The difference between coaching and involving

Occasionally a development director will say to me, ‘We’re all about giving our champions opportunities for involvement. In fact, our latest brochure lists 50.’

Kudos for having 50 opportunities for involvement! That’s great!

Now just don’t present them all at the same time. And don’t confuse presenting opportunities for involvement with coaching.

Coaching your champions doesn’t mean giving them a menu of involvement options any more than diagnosing a patient means giving them a list of ailments they might have and then inviting them to choose which one you treat them for.

In both cases, the skill is really in the ‘diagnosis’.

I wrote you about Seoul USA champion Bob Faulkner in my post Behold A Champion Champions! last week.

Bob writes the Seoul USA weekly blog, and he received an excited email this weekend from a newbie to the blog. The woman wrote Bob that she was so excited to learn about Seoul USA because she had been aching to jump on an airplane to Pyongyang (the capital of North Korea) and share the Gospel, and Seoul USA seemed like an excellent vehicle to enable that to happen.

Now, the truth is the last thing Seoul USA would ever do is to enable or advise an American to jump on a plane and head to Pyongyang to share the Gospel!

So how to respond to this eager woman? Clearly she has a passion for the cause, and it seems altogether possible that God enabled the blog to cross her path as a way to pair her tremendous zeal with a bit of helpful knowledge.

Organizations (like the ones I mentioned in the opening sentence of my blog) might be inclined to send the woman a brochure that lists the 50 ways to get involved with Seoul USA.

But such an approach works from the organization back to the champion rather than from the champion forward to the cause. It misses the opportunity to begin by exploring where the woman has come from, where God is in all this, and what has led the woman to be so passionate as to want to head out on what is for all intents and purposes a suicide mission.

So a good coach will be slow to whip out the organizational brochure or to suggest analogous opportunities for involvement. (‘We don’t condone flying to Pyongyang to share the Gospel, but serving as a table host at our banquet might be equally painful and deadly…’)

Instead, a good coach will be quick to:

  1. Ask questions (like ‘Why are you so passionate about going to Pyongyang?’ It’s amazing how seldom we in the champion development world ask questions like this when people first inquire or when they send a gift or even when they step up their involvement a notch);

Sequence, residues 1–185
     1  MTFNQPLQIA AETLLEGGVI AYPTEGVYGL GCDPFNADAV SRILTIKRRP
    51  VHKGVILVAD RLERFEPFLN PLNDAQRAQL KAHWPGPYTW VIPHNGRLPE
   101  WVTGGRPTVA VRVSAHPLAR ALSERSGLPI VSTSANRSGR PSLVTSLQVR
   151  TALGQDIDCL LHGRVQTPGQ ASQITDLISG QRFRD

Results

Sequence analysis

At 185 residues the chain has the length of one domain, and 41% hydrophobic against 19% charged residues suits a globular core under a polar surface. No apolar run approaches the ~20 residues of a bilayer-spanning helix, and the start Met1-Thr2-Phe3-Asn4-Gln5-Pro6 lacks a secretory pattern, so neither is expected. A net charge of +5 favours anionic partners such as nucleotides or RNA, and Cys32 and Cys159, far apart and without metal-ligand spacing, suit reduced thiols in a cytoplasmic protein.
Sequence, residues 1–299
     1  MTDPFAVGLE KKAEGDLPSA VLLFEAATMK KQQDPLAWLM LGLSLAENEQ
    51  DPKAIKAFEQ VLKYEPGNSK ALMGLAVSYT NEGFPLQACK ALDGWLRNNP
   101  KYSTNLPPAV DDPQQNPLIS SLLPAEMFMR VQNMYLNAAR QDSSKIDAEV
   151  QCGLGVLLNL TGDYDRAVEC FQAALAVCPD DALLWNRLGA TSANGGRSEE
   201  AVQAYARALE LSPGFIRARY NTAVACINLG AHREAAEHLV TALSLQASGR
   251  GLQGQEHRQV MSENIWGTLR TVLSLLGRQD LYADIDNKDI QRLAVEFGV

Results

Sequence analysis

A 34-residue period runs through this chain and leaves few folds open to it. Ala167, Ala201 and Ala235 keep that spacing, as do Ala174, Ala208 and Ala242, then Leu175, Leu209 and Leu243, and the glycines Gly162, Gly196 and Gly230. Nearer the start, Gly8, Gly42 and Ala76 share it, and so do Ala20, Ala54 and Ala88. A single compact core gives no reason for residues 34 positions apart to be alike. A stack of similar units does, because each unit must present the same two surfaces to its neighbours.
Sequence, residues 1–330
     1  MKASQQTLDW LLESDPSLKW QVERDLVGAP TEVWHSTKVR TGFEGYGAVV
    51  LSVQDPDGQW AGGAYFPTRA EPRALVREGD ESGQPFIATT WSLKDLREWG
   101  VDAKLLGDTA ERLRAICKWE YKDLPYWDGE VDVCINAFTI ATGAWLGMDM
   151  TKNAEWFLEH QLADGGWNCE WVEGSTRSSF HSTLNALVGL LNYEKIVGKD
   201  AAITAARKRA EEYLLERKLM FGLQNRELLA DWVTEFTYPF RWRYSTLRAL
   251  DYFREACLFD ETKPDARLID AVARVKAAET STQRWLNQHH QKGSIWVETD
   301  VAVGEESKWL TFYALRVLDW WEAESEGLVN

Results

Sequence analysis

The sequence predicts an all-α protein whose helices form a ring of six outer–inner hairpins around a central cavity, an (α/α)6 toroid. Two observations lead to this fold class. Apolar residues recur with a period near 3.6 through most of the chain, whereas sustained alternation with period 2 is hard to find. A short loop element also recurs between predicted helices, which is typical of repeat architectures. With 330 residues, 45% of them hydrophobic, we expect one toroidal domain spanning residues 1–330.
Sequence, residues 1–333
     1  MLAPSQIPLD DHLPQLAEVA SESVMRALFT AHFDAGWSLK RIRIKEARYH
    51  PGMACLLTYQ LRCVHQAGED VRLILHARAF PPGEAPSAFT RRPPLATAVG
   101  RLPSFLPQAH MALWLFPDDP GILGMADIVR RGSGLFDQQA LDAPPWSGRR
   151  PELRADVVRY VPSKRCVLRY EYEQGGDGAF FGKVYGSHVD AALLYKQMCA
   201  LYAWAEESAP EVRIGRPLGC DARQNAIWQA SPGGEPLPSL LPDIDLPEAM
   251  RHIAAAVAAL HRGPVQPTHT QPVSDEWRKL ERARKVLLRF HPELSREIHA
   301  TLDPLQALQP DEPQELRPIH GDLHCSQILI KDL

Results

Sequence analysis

2. Calibrate the champion’s interest to enter into a mutual accountability relationship to grow in the cause (in other words, is this a burst of enthusiasm that will soon dissipate, or is it something more?);
  3. Always remember that God was at work to bring the champion to the organization in the first place, so we’d best figure out what trajectory God has the person on before we launch them out on a trajectory of their own.

Hence why I was so pleased with Bob’s champion-coaching email reply to the woman:

Seoul USA takes words like you have given and turns them into a question. Are you willing to enter a process that takes a thousand steps, and not just one? It may be indeed possible for you to get on that plane and find that translator and be so led of the Spirit that you will immediately be doing what your heart cries out to do…

… Or it may take a little longer. Are you willing to wait, and grow, and plan, and strategize, and pray, and do little things right where you are?

A great coaching reply. Behold, the champion champions again.

About Pastor Foley

The Reverend Dr. Eric Foley is CEO and Co-Founder, with his wife Dr. Hyun Sook Foley, of Voice of the Martyrs Korea, supporting the work of persecuted Christians in North Korea and around the world and spreading their discipleship practices worldwide. He is the former International Ambassador for the International Christian Association, the global fellowship of Voice of the Martyrs sister ministries. Pastor Foley is a much sought after speaker, analyst, and project consultant on the North Korean underground church, North Korean defectors, and underground church discipleship. He and Dr. Foley oversee a far-flung staff across Asia that is working to help North Koreans and Christians everywhere grow to fullness in Christ. He earned the Doctor of Management at Case Western Reserve University's Weatherhead School of Management in Cleveland, Ohio.
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